“I Often Wonder What Become of Her”: Beryl Markham’s Atlantic Crossing, September 5,1936. Abingdon, England to Baleine, Nova Scotia.
Charles Burke will Speak at the Next Meeting of the Old Sydney Society on 28 November 2013, 7:30 PM at the Centre for Heritage and Science (the Lyceum) in Sydney, Nova Scotia.
At 6:50 pm on Friday, September 4th 1936, the aviatrix Beryl Markham departed Abingdon Aerodrome in England in her small monoplane named “The Messenger”. Beryl was bound for Floyd Bennet Field in New York and a place in the aviation record books as the first woman to fly the dangerous westward route from England to North America solo. Shortly after noon on September 5th, the residents of Baleine heard the small plane coming from the east and watched as the Messenger circled the cove and descended into the bog beyond their homes. Beryl Markham had successfully crossed the Atlantic Ocean in 21 hours and 25 minutes. Over the next few days, sightseers, journalists, mounted police officers, and eventually a salvage crew gathered in the village of Baleine to see the plane and watch its removal. The story of Beryl Markham’s Atlantic adventure is well known through contemporary newspaper coverage and from her own account many years after the event. Naturally some aspects of the story were modified by her publicists and generally the events as seen by the residents of Baleine are rarely known. This presentation will focus on Markham’s flight and on some of the lesser known people and facts associated with her important 1936 landing in Cape Breton.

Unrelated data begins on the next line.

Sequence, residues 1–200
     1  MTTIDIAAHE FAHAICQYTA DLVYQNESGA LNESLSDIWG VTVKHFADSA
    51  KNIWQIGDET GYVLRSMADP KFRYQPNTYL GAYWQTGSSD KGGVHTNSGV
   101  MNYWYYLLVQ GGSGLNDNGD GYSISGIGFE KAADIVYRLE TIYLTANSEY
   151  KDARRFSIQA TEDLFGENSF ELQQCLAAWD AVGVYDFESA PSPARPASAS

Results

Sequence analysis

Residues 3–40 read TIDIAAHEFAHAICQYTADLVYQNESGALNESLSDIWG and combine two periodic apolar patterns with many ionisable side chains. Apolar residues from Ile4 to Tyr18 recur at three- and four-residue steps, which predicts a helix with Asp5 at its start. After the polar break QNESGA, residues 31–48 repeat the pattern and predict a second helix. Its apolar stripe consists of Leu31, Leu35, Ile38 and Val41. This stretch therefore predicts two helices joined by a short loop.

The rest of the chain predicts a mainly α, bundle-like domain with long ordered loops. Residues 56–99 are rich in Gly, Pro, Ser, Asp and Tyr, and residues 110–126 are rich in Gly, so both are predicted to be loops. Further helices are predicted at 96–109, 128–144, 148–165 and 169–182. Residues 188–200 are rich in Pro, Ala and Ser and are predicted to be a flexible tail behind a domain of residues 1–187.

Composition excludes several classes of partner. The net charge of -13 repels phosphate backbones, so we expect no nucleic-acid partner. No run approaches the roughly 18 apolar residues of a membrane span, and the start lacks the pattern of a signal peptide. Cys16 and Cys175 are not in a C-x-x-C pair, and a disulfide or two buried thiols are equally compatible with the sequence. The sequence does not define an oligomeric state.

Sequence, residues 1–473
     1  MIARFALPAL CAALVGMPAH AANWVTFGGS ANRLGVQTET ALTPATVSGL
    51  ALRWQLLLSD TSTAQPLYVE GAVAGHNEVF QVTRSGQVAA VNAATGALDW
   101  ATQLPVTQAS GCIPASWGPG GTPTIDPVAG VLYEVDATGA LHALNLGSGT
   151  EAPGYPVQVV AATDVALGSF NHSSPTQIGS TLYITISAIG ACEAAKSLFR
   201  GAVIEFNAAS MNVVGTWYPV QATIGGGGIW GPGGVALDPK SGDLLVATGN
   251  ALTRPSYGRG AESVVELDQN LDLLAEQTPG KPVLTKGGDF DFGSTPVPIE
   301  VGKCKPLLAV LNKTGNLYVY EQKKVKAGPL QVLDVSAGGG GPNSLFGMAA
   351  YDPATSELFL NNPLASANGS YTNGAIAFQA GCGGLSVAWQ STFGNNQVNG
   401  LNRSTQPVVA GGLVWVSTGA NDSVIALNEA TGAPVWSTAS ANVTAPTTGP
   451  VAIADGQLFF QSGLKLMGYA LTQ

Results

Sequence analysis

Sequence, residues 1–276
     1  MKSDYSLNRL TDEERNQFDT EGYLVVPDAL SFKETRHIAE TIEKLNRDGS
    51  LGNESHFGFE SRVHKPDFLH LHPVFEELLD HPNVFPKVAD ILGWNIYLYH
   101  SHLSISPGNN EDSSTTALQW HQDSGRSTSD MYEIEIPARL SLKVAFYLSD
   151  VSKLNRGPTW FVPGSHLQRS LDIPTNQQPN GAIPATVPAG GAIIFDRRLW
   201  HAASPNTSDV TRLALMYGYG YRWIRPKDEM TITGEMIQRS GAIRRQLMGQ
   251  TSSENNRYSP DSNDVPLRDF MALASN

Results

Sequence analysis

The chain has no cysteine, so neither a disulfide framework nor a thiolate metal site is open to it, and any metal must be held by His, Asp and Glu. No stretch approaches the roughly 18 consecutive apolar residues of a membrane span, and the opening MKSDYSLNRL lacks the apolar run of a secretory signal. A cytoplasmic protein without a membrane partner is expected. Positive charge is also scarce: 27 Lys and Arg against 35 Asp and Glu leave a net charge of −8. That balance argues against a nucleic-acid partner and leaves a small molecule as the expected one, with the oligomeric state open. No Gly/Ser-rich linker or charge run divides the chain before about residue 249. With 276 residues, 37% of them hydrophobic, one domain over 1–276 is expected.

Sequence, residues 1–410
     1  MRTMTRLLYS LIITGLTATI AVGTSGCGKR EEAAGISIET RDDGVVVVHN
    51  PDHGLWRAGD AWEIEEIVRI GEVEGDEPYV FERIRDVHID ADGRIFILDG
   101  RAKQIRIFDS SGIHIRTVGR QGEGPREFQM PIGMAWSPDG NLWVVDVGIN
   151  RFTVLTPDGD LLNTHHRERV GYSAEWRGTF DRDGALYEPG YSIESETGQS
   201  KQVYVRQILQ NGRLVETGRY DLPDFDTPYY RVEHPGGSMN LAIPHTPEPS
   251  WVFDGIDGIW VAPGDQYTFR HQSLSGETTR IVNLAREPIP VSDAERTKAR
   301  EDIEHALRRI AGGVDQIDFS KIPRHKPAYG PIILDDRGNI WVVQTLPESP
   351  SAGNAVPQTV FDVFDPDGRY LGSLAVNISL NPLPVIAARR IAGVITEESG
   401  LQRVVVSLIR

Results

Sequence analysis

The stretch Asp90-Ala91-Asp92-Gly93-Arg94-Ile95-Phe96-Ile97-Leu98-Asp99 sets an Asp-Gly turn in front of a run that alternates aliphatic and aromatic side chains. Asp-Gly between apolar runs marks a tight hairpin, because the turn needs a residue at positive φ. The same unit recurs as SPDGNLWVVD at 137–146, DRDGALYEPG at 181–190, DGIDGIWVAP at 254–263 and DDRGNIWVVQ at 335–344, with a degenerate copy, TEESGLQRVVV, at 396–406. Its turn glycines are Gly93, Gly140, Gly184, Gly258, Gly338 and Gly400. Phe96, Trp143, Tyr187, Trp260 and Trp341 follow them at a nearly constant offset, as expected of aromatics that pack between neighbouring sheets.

This talk will be steamed live at